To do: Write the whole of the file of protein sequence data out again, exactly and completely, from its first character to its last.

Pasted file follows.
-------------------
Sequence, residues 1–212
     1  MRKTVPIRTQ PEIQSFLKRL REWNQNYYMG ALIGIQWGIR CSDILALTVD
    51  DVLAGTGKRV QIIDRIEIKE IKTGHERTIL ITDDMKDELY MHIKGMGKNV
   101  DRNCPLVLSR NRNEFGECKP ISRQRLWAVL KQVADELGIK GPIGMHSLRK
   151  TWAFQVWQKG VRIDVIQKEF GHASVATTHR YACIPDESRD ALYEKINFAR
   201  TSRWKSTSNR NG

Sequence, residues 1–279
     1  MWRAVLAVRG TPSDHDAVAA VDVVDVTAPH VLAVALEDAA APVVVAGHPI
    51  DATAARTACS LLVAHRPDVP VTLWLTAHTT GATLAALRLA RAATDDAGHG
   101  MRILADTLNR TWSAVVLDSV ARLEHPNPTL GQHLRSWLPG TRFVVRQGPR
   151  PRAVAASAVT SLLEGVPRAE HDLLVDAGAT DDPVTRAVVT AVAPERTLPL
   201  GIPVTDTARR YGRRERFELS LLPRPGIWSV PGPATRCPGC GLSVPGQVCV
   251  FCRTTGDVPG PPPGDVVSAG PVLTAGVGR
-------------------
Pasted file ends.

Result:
Sequence, residues 1–212
     1  MRKTVPIRTQ PEIQSFLKRL REWNQNYYMG ALIGIQWGIR CSDILALTVD
    51  DVLAGTGKRV QIIDRIEIKE IKTGHERTIL ITDDMKDELY MHIKGMGKNV
   101  DRNCPLVLSR NRNEFGECKP ISRQRLWAVL KQVADELGIK GPIGMHSLRK
   151  TWAFQVWQKG VRIDVIQKEF GHASVATTHR YACIPDESRD ALYEKINFAR
   201  TSRWKSTSNR NG

Sequence, residues 1–279
     1  MWRAVLAVRG TPSDHDAVAA VDVVDVTAPH VLAVALEDAA APVVVAGHPI
    51  DATAARTACS LLVAHRPDVP VTLWLTAHTT GATLAALRLA RAATDDAGHG
   101  MRILADTLNR TWSAVVLDSV ARLEHPNPTL GQHLRSWLPG TRFVVRQGPR
   151  PRAVAASAVT SLLEGVPRAE HDLLVDAGAT DDPVTRAVVT AVAPERTLPL
   201  GIPVTDTARR YGRRERFELS LLPRPGIWSV PGPATRCPGC GLSVPGQVCV
   251  FCRTTGDVPG PPPGDVVSAG PVLTAGVGR